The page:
We’re doing the same thing with the granting of de facto rights of ownership to people who do not own the land. Environmental laws let almost anyone sue over land use even if they have no relation to the land or the project in anyway. Up to four levels of government have to coordinate in many instances. Today, it takes us years to build things that pre-60’s America built in weeks or months.

    Siting a line like this takes years and years of studies, and at any step along the way some judge or lawyer or politician can shut it down for almost any reason.

    To return to the theme of my last post, the Chinese do not face this kind of impediment. They can build things with lightening speed compared to us. Worse, I don’t think our procedural fussiness buys us any significant safety and it certainly doesn’t pay off long term in efficiency.

    We’re basically just paying homage to a class of people who produce little but who want to inject themselves into the decisions of the productive. It’s like were supporting a vast priest class like the Aztecs or the Hindus. They make a good living protecting us from harms that only they can see.

  2. Regardless of the historical context I find it humorous and ironic that the very groups that elected Obama in the first place will fanatically stymie his attempts to get anything done that is “shovel ready” towards his goal of renewable energy.

    Also – these types of fights “fund” the left in the first place – they provide fodder for advertising campaigns for NGO’s, lawyers to “fight the power” – these are their cash in trade.

    It will be fun watching the semi-pragmatic democrats going to war with the loony left who fight all construction anywhere.

    There is that famous line that the best thing to do when your enemies are infighting is to do nothing and wait. I am garbling it exactly but you can understand the intent.

  3. One thing that’s interesting & depressing is the number of people in the “technology industry” who support the Democrats and who have fully bought in to the unrealistic expectations for “alternative energy.” Many of these people actually have electrical engineering degrees, albeit usually with a concentration in electronics rather than in power engineering.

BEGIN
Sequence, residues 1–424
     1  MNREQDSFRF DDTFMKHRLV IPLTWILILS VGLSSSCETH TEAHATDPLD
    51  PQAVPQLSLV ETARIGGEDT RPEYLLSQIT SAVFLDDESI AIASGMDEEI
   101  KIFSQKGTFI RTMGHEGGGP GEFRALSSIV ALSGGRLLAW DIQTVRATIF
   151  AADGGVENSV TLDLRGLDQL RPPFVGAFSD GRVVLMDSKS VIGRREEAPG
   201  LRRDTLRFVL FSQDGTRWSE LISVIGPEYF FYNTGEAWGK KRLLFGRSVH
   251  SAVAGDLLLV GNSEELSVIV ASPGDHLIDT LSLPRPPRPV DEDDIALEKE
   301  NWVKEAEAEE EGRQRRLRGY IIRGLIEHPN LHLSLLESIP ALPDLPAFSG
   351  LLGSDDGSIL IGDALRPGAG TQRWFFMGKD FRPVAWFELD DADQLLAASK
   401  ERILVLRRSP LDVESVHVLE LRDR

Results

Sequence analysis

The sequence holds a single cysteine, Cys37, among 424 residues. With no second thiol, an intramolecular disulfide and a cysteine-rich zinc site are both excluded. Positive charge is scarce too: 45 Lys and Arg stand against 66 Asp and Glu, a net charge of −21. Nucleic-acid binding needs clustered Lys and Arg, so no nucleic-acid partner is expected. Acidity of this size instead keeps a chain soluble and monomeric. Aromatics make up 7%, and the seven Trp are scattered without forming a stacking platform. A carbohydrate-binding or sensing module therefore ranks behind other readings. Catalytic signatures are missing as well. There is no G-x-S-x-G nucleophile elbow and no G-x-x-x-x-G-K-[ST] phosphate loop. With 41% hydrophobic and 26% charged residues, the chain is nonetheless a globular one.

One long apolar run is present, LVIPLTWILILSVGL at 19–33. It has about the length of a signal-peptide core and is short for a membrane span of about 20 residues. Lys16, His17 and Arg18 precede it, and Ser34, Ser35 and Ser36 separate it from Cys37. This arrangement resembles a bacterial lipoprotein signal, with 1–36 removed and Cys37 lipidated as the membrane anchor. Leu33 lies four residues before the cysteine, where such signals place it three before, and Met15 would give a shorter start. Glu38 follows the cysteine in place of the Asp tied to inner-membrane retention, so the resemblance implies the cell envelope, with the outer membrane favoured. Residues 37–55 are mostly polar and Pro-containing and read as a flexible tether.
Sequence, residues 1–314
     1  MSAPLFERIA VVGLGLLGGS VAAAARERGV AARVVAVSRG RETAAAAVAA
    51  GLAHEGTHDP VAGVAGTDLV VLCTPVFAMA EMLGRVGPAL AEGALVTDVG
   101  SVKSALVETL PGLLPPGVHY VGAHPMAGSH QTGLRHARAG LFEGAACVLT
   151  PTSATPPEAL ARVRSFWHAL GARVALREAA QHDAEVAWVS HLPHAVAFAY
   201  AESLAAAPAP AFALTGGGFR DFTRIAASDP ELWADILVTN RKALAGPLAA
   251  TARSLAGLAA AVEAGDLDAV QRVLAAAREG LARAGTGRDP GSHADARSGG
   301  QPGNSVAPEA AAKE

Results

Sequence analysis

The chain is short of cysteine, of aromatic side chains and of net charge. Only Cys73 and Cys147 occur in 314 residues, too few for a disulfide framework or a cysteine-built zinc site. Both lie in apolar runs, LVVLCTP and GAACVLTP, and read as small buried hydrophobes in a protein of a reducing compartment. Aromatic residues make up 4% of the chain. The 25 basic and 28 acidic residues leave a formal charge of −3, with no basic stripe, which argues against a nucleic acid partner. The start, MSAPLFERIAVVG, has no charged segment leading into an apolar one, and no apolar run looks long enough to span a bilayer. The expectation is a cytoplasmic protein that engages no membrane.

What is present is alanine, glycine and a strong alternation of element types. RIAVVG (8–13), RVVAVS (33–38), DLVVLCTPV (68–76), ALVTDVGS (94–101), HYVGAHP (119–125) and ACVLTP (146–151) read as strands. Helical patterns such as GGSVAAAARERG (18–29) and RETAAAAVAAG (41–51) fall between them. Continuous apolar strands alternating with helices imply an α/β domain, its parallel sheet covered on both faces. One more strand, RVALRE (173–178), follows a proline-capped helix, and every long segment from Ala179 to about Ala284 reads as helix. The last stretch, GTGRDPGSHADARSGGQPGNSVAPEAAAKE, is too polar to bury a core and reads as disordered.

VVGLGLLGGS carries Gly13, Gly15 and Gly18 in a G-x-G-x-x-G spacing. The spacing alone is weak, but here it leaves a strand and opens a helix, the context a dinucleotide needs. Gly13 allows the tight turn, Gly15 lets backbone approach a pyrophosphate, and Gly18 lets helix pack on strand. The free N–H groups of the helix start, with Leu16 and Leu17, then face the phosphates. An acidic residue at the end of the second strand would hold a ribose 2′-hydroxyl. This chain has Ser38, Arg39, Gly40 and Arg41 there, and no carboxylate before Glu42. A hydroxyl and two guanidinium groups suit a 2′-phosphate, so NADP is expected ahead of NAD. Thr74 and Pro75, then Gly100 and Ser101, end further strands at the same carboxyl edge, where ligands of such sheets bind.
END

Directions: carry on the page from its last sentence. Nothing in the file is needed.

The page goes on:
In the case of some venture capitalists, there is clearly chop-licking going on at the prospect of massive subsidies for technologies which their portfolio companies provide (or plan/hope to provide)…these VCs may have not really thought out the impact of very high electricity prices on the economy as a whole and on the *rest* of their portfolio companies. But there are also lots of tech-industry denizens who have no financial stake at all in aternative energy–and who have a big financial stake in reasonable energy prices, whether they know it or not–who share the “progressive” worldview on energy & on many other things.

  4. The problem with letting them fight it out is that they don’t really have any concern for the general productivity or freedom of the society.

    As the collapse and stagnation of the Great Lake states into the rustbelt shows, leftist work from an economic and political version of Milton’s “better to reign in hell than serve in heaven.” They would rather dominate in a crippled, poor and unproductive society than be equals in an effective, wealthy and productive society.

    They will block projects like power transmission and power generation simply to force people to deal with them. They will invent reasons why people have to consult with them and give them veto power over new projects simply so they can have some power and position. They’ve positioned themselves to only gain by putting the breaks on development.

    The situation is identical that of the mandarins versus everyone else in the final decades of failing Chinese dynasties. The mandarins mandated vast amounts of ritual and paperwork purely to justify their own positions. Unable to contribute materially, they instead created positions of power based on saying no more than saying yes. As a result, the governments of the dynasties grew progressively more paralyzed and incapable of action. Eventually they fell to internal revolt from the hinterlands or foreign invasion. The mandarin dead wood got cleared out and the process started all over again.

  5. Carl, “his goal of renewable energy”? Are you sure he even has goals? It’s slogans, nothing more. As soon as there will be some difficulty with quick implementation, ready for short-spanned news consumers, he’ll change the goals into something more newsworthy.

  6. Per Tatyana’s comment, a wind farm can be very successful, from the standpoint of a political leader, even if the are no transmission line to connect it to anything. It provides jobs for those who make & install the equipment, and it makes alternative-energy believers very happy. You can always say that the transmission lines will be built later, following appropriate environmentl review, or that a new, “planned” community (centered around electrically-powered mass transit) will be built right next to the wind farm, or that “green” manufacturing will be located there. It doesn’t matter if these things ever actually happen: you will still get the glory and someone else can worry about paying off the bonds.